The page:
The Clydesdale Division

I don’t run. At five-seven, I have the legs of a woman five foot two (I don’t know whose she has) and a flat-tending lumbar spine that doesn’t take well to the pounding. I do speedwalk like a stomping sonovabitch, but explaining to random people that I have been out for a speedwalk can often precipitate a discussion of what exactly this means and possibly a pantomime of the gait. After doing this about twenty times it got pretty old and I just tell people I am going running. It doesn’t help that speedwalkers can’t get any respect; this was one of the only videos I could find on the Net that wasn’t about making fun of it, and the ubiquitous YouTube chorus made sure their derision was heard.

It is not like running with a stick up your ass. It’s more like running without any help from inertia. I can hit six miles an hour on the flat when I am in top shape.

You need the same good shoes a runner uses and I usually go to stores that cater to high mileage runners because my feet were assembled from spare parts and if a shoe is much better than barefoot for me I am likely to drop a C-note.

I trucked into Metro Run Walk and said “Clydesdale Division.”

There is some dissension about what constitutes a Clydesdale in men’s running. The idea is that heavy runners should have their own division in racing because they will never beat the times of the whippy little folks but they are equally serious athletes. In women’s running the heavy division is called Athena and it starts at 140 or 150 depending on who you ask.

I am more of a Clydesdale, nudging (after breakfast, or when holding water) the 165-pound lower limit for heavy male runners in at least some races. (Some triathlon organizations insist on 198, but triathletes have to be beefier.) I would probably cut up for competition at about Athena weight these days, if I were still interested in shaving off my bodily hair and painting myself brown, but a couple shots at that were enough.

The salesman looked at me funny; they always do. He was a leathery sixtysomething with a build like a lamp post. But he emerged from the stockroom with some men’s motion control shoes, engineered for heelstrike recoil, that felt like a bear hug crossed with a propellor. Perfect.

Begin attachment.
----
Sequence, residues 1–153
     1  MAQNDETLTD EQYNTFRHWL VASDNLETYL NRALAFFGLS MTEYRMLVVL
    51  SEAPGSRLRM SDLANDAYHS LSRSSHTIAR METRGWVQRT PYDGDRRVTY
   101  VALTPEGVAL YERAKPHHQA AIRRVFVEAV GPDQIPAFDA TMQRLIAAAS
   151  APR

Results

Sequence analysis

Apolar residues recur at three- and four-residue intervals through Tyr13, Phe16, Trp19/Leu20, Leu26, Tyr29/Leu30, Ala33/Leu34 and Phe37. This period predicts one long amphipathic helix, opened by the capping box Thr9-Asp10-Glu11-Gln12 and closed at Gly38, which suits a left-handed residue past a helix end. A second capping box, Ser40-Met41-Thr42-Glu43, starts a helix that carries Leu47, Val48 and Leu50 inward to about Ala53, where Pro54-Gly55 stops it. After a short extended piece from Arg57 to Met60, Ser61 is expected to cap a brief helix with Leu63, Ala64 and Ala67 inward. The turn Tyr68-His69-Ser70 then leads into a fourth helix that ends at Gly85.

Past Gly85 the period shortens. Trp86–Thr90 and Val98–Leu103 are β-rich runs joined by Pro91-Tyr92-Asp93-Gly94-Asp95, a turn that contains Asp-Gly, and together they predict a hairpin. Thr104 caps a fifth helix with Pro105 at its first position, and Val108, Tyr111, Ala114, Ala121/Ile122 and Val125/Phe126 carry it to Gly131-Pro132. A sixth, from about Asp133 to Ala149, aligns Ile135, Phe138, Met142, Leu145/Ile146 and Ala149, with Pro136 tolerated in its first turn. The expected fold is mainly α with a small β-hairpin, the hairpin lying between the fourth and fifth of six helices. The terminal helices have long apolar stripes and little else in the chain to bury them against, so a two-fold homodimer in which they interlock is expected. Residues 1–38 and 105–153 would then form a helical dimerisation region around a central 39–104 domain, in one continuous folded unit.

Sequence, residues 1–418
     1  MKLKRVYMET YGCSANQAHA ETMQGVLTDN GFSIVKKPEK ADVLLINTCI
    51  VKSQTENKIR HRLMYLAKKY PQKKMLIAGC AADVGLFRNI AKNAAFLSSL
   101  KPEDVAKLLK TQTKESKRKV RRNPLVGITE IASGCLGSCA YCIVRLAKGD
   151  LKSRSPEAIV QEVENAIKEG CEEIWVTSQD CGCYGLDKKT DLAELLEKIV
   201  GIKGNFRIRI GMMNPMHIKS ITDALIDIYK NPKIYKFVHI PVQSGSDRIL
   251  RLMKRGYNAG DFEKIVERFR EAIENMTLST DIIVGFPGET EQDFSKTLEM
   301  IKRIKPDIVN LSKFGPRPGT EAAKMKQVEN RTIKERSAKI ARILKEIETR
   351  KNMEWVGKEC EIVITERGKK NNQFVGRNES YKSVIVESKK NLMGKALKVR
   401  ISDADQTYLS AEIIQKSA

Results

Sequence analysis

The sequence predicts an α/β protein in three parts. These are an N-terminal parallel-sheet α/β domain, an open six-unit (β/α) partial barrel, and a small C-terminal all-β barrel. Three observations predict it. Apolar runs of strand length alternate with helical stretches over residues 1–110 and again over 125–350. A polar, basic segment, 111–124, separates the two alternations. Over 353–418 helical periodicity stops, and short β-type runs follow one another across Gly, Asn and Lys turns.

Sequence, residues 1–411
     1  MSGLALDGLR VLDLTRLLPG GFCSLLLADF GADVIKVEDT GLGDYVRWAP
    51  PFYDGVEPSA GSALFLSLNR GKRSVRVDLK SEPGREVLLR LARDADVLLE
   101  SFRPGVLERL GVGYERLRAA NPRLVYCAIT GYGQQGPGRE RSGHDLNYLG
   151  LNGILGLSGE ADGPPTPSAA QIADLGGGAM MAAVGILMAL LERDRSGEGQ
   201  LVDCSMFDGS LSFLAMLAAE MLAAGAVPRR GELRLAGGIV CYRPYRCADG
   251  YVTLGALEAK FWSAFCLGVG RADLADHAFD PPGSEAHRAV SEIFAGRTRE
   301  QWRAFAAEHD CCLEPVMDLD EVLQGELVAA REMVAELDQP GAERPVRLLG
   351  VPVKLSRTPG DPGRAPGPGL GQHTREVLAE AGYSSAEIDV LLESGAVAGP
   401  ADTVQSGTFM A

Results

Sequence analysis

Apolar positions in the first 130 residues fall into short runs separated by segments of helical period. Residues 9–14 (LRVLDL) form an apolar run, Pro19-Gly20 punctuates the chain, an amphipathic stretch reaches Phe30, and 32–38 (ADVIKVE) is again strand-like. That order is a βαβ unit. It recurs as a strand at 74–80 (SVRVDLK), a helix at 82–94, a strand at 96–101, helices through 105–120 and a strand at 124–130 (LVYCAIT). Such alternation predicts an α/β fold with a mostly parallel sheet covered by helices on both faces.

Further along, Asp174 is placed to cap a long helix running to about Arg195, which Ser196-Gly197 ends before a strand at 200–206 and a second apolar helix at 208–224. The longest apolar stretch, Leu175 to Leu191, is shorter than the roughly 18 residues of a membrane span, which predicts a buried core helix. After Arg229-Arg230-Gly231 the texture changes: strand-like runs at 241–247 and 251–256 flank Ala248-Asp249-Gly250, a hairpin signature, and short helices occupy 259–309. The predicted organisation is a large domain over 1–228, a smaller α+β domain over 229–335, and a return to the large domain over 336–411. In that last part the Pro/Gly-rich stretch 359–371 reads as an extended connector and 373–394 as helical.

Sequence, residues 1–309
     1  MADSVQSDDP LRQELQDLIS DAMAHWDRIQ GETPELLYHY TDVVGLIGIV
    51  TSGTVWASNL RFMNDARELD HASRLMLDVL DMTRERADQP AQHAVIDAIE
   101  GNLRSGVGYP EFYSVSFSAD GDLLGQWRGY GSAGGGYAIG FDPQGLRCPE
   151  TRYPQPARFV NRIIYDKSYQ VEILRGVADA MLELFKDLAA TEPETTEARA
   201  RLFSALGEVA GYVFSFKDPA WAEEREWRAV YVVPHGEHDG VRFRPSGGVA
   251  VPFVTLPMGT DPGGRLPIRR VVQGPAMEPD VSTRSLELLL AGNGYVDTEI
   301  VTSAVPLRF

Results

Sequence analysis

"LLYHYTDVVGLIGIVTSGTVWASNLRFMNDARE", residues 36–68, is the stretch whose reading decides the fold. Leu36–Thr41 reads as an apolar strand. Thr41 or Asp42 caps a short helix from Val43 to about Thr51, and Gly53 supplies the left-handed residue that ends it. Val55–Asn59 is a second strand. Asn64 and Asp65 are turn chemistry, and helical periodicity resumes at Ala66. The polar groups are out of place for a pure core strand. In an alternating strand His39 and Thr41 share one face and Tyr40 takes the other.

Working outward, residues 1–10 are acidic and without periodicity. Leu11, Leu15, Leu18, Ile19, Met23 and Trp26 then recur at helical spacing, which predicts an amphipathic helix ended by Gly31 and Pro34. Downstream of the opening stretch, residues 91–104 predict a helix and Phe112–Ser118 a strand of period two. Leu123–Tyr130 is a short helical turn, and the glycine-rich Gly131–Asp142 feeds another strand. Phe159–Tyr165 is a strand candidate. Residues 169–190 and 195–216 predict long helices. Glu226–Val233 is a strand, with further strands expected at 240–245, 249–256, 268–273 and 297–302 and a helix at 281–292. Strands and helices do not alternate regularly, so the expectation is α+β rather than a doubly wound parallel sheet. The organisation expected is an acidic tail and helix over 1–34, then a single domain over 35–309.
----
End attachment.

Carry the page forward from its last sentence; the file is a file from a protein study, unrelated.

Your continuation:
These are made by Asics but when I don’t feel experimental I buy a Brooks product called the Ariel, which is a women’s version of what for men’s runners is called The Beast. When you turn them over to look at the soles it is like looking at two bricks. They used to use the same name for both men’s and women’s shoes, but someone got worried about the effect on the target market. I deplore this foofy Ariel business which suggests that women who are built like Ford pickups want (or should want) to pretend to themselves that they are ethereal.

For that thou wast a spirit too delicate
To act her earthy and abhorr’ed commands,

Refusing her grand hests, she did confine thee,
By help of her more potent ministers,
And in her most unmitigable rage.
Into a cloven pine.

Repeat after me. Beast. Get over it.

At least they didn’t call the men’s shoe the Caliban.


4 thoughts on “The Clydesdale Division

  1. I had to stop running around age 36 … compressed lumbar disk and wonky hip made it impossible to continue. Which was a bugger because running was the one thing I knew I would do on a daily basis.

    Speed walking just makes so much more sense. It’s just as aerobic but doesn’t beat the shit outta your joints and vertebrae. I also think it tones the butt better.

    My feet aren’t particularly big, but they are extremely wide (triple EEE) with a very high instep. Ethereal footwear has never been an option for me, which is why I always prefer wearing sandals … less bits to constrict and hurt me.

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